Ian Wright: You wot?

I’ve read some pretty baffling comment pieces, but Martin Jacques claim that Ian Wright’s departure from the BBC was due to racism and cultural apartheid at the Beeb is possibly one of the strangest columns I’ve read in a long time.

Wright had a good on-screen persona that works well with entertainment shows. I’ve no doubt he’ll be a decent presenter of Gladiators. But the court-jester aspect of his persona was one he seemed to play up to, no matter what show he was on. Wright always comes across as a reasonably forceful personality, so if he had a problem with his role, why didn’t he raise it before now?

This is without even touching on the fact Wright was simply not a good pundit. He rarely had anything insightful to say and much of his comments were at best naively jingoistic and at worse downright xenophobic. If he’d managed to produce some good punditry when he was starting out, he could have happily balanced the jester/pundit role. As it is, although he often articulated the tabloidised opinions of plenty of England and Premiership fans, when you contrast his opinions with those of Hansen, Lawro, Marcel Desailly, and Gavin Peacock, to name a few, they were ill-thought through, added nothing to the programme and dragged the general tone of the broadcast down.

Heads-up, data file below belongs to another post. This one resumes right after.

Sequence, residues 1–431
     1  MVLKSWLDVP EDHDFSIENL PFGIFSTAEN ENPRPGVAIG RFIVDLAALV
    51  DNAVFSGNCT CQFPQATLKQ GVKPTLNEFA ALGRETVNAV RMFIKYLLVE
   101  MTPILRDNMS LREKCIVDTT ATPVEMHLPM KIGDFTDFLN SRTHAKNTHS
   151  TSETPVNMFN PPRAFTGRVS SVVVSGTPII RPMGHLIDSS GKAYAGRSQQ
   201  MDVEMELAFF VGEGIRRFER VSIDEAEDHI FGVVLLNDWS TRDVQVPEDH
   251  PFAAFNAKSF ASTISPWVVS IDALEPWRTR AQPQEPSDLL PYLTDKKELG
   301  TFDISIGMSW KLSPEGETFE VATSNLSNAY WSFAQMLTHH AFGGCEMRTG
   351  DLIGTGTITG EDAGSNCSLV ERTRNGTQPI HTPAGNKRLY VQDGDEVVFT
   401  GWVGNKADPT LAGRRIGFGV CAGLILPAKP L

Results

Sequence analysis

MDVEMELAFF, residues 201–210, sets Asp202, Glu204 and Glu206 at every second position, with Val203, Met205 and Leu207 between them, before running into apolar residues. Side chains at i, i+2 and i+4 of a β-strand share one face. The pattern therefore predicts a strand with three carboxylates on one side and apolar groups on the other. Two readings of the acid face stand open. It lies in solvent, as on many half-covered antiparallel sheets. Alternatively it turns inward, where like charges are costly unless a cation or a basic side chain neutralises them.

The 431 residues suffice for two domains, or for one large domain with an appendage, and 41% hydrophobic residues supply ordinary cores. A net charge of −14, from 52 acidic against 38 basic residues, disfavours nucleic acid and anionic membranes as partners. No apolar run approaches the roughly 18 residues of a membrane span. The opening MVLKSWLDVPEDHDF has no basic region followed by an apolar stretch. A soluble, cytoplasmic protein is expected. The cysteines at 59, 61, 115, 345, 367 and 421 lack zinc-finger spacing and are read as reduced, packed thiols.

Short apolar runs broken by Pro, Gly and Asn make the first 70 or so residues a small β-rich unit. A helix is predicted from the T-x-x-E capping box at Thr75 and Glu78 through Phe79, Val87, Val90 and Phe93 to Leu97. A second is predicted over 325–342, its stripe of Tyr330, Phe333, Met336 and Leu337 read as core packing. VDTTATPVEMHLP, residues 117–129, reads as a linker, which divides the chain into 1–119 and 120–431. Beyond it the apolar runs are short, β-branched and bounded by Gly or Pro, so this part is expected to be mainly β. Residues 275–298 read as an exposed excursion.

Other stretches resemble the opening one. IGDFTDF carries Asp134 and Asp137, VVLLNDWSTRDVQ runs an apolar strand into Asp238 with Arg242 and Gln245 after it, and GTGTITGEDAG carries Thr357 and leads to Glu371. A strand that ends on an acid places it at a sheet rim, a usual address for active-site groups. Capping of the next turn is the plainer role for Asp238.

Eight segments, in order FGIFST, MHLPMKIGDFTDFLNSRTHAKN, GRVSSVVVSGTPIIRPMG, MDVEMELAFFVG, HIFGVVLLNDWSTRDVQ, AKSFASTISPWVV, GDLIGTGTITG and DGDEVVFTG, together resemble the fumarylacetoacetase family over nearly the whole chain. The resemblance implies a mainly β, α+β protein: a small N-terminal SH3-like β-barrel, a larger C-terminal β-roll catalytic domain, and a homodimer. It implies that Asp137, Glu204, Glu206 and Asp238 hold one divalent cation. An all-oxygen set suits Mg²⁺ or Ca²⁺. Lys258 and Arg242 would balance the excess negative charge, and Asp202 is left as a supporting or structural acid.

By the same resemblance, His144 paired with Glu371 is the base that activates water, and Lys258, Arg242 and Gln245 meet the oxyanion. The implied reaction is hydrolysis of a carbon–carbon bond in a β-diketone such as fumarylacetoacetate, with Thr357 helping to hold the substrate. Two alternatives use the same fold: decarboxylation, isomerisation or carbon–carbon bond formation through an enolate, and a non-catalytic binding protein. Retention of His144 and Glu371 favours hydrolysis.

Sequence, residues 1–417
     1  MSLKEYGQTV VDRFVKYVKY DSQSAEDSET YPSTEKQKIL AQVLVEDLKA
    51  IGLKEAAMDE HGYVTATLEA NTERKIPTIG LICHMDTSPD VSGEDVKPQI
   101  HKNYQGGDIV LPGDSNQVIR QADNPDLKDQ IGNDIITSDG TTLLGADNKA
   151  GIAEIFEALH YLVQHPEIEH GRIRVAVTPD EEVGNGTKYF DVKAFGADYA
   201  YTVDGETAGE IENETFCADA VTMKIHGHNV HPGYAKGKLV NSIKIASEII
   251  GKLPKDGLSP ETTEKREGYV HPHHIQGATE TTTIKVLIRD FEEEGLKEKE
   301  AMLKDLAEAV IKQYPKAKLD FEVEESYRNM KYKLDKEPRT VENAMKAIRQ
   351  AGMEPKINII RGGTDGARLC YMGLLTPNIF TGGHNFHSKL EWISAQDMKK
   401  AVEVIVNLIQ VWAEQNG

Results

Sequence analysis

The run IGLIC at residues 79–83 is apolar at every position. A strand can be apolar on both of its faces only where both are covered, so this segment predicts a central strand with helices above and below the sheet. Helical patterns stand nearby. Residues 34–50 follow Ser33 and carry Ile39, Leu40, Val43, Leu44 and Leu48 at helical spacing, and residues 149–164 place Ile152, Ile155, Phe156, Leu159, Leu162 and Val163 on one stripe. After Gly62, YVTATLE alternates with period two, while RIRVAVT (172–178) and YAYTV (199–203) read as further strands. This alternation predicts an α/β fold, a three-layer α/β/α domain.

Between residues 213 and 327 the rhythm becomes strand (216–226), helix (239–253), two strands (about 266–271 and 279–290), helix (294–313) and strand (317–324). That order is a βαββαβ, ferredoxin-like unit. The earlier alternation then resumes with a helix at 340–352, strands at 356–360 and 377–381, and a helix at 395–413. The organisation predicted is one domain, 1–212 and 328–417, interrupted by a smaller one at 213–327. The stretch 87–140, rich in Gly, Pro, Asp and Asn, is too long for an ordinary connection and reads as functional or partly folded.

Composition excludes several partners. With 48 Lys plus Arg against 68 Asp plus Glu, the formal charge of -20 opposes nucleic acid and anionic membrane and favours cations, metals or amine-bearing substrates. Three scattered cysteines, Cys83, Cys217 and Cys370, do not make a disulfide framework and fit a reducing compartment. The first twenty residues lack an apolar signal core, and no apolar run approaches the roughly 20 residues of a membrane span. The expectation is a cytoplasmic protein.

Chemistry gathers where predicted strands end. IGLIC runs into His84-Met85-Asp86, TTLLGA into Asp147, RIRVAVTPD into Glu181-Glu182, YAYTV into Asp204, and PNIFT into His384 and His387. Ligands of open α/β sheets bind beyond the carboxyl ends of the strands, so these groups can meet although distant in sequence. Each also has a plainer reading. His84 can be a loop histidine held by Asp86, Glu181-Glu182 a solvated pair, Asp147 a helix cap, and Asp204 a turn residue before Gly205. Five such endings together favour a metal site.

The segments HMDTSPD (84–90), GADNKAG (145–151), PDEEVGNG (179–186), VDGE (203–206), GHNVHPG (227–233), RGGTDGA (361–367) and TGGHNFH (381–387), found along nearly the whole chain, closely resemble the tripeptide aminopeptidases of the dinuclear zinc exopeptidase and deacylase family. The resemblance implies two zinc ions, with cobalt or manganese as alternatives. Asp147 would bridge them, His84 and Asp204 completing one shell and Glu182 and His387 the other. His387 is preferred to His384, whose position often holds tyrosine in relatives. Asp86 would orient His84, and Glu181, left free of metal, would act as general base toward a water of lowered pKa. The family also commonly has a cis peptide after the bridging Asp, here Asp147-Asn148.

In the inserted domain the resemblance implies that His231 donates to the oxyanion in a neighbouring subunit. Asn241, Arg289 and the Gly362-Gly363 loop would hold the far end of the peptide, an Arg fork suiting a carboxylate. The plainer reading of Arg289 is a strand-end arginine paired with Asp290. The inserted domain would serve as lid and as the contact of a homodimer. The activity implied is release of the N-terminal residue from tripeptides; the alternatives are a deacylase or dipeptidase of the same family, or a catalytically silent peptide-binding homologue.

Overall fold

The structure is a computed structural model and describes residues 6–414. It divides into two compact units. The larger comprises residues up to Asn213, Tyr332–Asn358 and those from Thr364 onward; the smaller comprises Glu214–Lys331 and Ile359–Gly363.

The assumption often goes that good players make good pundits, when often the opposite is true. Wright’s certainly no worse than Alan Shearer, Jamie Redknapp, or, on the occasions he’s asked to comment on a game, John Terry. But he pails in comparison to those players who can see beyond the idea that the game is all about passion and don’t describe what everybody else can see.

The Beeb’s dropped some pretty awful pundits before now. Graeme Le Saux, Peter Schmeical, and Tony Adams spring to mind. But, and Jacques notes this, they also employ Marcel Desailly, whose input in the African Cup of Nations was excellent, and Ruud Gullit. Both have outside interests, and it may have escaped Jacques notice that Gullit’s actually now employed by LA Galaxy and probably doesn’t have time to pass comment on Middlesborough v Reading. More’s the pity.